POV

These are South Korean apartments, not prison cells

In big cities in Asia, space can come at a premium. Not every residence is a shoebox, but they do exist. And some of them are truly awful.

By Jesus Diaz - Source: http://kotaku.com
Courtesy of kotaku.com

Courtesy of kotaku.com

There are three kinds of people in South Korea: those who make real money and live in real homes; those who make cents assembling your phones and share a room with six other people; and those lucky ones who make a few dollars and can afford these prison cells that they call “apartments.”

Courtesy of kotaku.com

Courtesy of kotaku.com

In big cities in Asia, space can come at a premium. Not every residence is a shoebox, but they do exist. And some of them are truly awful.

Tokyo, for example, has coffin apartments. China has “ant colonies.” And South Korea?

Courtesy of kotaku.com

Courtesy of kotaku.com

In the past, there have been teeny-tiny sleep and study spaces in South Korea for students called “goshiwon” (고시원).

As tipster Sang points out, they were originally designed for students who needed to get away from distractions and simply buckle down and study for college entrance exams, government job exams, and whatnot. The rooms are rented for between the equivalent of $300 to $400 a month.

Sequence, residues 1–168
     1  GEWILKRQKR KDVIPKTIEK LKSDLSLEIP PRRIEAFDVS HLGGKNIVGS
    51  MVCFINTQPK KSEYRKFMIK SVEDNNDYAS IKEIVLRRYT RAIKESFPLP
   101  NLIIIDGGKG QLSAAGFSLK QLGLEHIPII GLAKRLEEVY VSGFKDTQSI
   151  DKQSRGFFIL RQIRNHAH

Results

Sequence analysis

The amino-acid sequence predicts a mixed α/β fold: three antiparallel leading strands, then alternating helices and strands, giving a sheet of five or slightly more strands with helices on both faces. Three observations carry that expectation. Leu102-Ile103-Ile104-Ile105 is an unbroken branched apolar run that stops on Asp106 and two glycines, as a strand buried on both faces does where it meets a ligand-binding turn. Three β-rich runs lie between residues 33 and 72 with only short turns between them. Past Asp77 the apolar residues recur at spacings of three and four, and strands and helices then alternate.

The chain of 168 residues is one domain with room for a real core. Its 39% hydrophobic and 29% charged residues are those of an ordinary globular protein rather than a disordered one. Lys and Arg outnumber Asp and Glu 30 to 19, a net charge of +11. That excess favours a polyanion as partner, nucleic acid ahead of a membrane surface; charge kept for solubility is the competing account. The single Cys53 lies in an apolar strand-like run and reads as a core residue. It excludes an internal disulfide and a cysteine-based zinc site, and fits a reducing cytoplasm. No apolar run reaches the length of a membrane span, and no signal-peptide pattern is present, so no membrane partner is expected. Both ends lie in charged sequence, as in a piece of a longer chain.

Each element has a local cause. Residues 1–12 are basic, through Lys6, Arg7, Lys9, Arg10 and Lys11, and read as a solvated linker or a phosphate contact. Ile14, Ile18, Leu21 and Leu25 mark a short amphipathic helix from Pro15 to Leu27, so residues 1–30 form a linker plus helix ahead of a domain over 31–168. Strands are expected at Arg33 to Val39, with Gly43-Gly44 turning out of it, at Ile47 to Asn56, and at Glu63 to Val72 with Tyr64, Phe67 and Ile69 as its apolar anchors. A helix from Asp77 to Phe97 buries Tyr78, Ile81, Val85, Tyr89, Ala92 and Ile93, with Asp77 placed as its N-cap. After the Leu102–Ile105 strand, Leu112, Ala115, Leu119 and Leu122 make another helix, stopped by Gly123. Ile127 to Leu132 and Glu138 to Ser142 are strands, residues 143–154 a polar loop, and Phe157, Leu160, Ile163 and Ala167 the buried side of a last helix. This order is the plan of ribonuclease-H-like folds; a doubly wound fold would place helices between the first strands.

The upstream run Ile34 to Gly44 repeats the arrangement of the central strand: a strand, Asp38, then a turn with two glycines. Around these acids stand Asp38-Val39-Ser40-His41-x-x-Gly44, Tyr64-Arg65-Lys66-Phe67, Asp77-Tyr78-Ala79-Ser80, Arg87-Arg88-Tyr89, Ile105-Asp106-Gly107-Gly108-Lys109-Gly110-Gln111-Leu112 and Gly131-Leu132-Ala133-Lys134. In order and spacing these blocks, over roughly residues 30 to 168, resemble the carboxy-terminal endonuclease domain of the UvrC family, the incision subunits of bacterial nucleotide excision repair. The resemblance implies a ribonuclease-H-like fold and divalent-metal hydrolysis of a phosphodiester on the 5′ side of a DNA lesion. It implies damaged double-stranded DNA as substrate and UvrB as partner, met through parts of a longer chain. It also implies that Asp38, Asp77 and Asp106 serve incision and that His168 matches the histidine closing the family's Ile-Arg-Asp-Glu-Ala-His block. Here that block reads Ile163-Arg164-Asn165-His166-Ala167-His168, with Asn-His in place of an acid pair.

However, according to Korean media reports, some of these living complexes are being rented out as actual apartments and are now being dubbed “goshitel,” with the “tel” referring to “hotel.”

Courtesy of kotaku.com

Courtesy of kotaku.com

Fewer affordable apartments and residences in big Korean cities are to blame. Then, there are some who are renting these cramped spaces as they try to get back up on their feet.

Online in South Korea, people pointed out that sleeping right next to the toilet was hardly ideal, while in neighboring Japan, the rooms were being compared to prison cells.

Some goshiwon are larger and nicer looking, and they even have kitchenettes—like a proper studio apartment.

Below, you can see some of the cells, I mean rooms.

Courtesy of kotaku.com

Courtesy of kotaku.com

Courtesy of kotaku.com

Courtesy of kotaku.com

Courtesy of kotaku.com

Courtesy of kotaku.com

Courtesy of kotaku.com

Courtesy of kotaku.com

Courtesy of kotaku.com

Courtesy of kotaku.com

Courtesy of kotaku.com

Courtesy of kotaku.com

Courtesy of kotaku.com

Courtesy of kotaku.com

Courtesy of kotaku.com

Courtesy of kotaku.com

Courtesy of kotaku.com

Courtesy of kotaku.com

Courtesy of kotaku.com

Courtesy of kotaku.com

Courtesy of kotaku.com

Courtesy of kotaku.com

Courtesy of kotaku.com

Courtesy of kotaku.com

Courtesy of kotaku.com

Courtesy of kotaku.com

You know, if you don’t want to leave home, but still need help concentrating, you can always get a study box.

Source: http://kotaku.com

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